Despite appeals from the Bush Administration as well as several current and former government officials — both Democrat and Republican — the New York Times and the Los Angeles Times decided to break a story today that could have far-reaching effects on America’s War on Terror.
The story concerns a covert intelligence program, the “Swift operation,” that enables US intelligence agencies to access and examine the banking transactions of suspected terrorists.
Swift — an acronym for the Society for Worldwide Interbank Financial Telecommunication — forms the epicenter of the global banking industry, and oversees an estimated $6 trillion of inter-bank transfers on a daily basis. The Swift operation, however, does not allow US intelligence officials to gain unfettered access to Swift’s records:
The program is limited . . . to tracing transactions of people suspected of having ties to Al Qaeda. . . . The records mostly involve wire transfers and other methods of moving money overseas and into and out of the United States. Most routine financial transactions confined to this country are not in the database.
The program was put in place shortly after the 9/11 attacks and is viewed as a vital tool for choking off terrorist financing. As the NY Times points out:
The 9/11 hijackers had helped finance their plot by moving money through banks. Nine of the hijackers, for instance, funneled money from Europe and the Middle East to SunTrust bank accounts in Florida. Some of the $130,000 they received was wired by people overseas with known links to Al Qaeda.
Though withheld from the public, knowledge of the banking program was not restricted to the Bush Administration. In fact, the 9/11 commission was apprised of the program as were several members of Congress. In terms of the program’s legality, the undersecretary at the Treasury Department, Stuart Levey, assures that no laws have been broken:
“[The program] has provided us with a unique and powerful window into the operations of terrorist networks and is, without doubt, a legal and proper use of our authorities . . .”
Levey added that multiple safeguards were in place to protect against unwarranted searches of Americans’ records.
In terms of efficacy, the Swift operation is credited for the capture of leading al-Qaeda terrorist, Riduan Isamuddin, or “Hambali.” Hambali, is believed to have been the mastermind behind the 2002 Bali bombing, which claimed the lives of 202 people while injuring hundreds more.
More importantly, the Swift operation has been especially useful for identifying terrorists and terrorist cells within the United States. The program led to the capture and successful prosecution of Uzair Paracha, a Pakistani national, who laundered $200,000 for an al-Qaeda operative in his home country.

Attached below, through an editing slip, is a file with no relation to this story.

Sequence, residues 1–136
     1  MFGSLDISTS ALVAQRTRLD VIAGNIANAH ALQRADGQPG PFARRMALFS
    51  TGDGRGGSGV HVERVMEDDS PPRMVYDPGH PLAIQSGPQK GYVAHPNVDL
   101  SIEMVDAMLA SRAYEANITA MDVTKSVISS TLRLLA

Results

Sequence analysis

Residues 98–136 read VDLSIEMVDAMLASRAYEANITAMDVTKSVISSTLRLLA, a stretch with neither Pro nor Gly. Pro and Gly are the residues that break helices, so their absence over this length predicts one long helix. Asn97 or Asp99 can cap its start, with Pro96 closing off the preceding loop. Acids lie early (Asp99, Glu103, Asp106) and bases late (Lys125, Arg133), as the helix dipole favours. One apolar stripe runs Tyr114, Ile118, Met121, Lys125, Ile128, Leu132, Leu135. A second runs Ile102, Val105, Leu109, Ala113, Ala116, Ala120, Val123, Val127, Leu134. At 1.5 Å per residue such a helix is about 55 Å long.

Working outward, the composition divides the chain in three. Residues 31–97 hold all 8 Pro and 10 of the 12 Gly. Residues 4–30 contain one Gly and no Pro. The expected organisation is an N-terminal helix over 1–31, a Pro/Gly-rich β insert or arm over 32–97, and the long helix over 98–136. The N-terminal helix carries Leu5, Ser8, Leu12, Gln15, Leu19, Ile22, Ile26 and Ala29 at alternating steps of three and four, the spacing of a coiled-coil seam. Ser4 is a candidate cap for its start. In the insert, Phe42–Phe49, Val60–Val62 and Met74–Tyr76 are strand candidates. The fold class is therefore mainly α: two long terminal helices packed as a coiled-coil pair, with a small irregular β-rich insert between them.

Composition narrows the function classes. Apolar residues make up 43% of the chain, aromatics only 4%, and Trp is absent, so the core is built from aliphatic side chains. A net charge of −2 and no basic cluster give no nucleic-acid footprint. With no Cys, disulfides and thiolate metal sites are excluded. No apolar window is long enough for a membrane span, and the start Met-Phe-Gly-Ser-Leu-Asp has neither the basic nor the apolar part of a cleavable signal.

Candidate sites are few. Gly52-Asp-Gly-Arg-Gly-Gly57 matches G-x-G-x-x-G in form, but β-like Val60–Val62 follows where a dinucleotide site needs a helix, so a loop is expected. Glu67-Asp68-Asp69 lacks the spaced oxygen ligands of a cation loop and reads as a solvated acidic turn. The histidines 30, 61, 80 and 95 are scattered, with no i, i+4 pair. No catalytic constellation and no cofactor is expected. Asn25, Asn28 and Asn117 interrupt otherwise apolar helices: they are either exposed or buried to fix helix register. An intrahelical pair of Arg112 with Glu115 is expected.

By breaking this story, the NY and LA Times have exposed a classified and effective operation that goes to the heart of America’s national security. According to government officials, the Swift operation is the largest effort yet at tracing terrorist financing, which helps to explain the Administration’s — and other officials’ — desire to keep it secret, especially from the enemy.
Bill Keller, executive editor of the NY Times, thinks differently:
“We have listened closely to the administration’s arguments for withholding this information, and given them the most serious and respectful consideration. We remain convinced that the administration’s extraordinary access to this vast repository of international financial data, however carefully targeted use of it may be, is a matter of public interest.”
Doyle McManus, the Los Angeles Times’ Washington bureau chief, gave a similar response:
“It’s a tough call; it was not a decision made lightly. The key issue here is whether the government has shown that there are adequate safeguards in these programs to give American citizens confidence that information that should remain private is being protected.”
President Bush has since expressed his concern that the New York Times has once again chosen to expose a classified program at the expense of American security.
This latest, forceful declassification of an intelligence program by members of the media comes at a time when homegrown Jihadist networks have been uncovered in multiple countries. Just yesterday, a group of 7 would-be terrorists — self-described as a “black Muslim” group — were arrested in Miami for plotting to bomb the Sears Tower in Chicago and an FBI building in Miami (one of the 7 suspects was arrested in Atlanta). A similar terror network was broken up in Canada only weeks before. Indeed, programs like the Swift operation have never been more vital to our security.
Still, the Swift operation is sure to spark outrage across America and will likely be viewed as evidence of President Bush invading privacy rights. To be sure, wherever individual liberties are threatened, Americans must fight tooth and nail to preserve them. In this case, however, the only liberty that was at stake was our right to life.
All will agree that safeguards are needed to protect Americans against those people who wish to do us harm. Americans should expect that some of those safeguards will fall short of aesthetically pleasing. However, that alone does not outweigh their benefits nor does it amount to an invasion of privacy.
The New York Times and the Los Angeles Times committed a real disservice to the American people today by reporting on this story. One can only hope that other covert operations have been effected so as to replace the now useless Swift operation.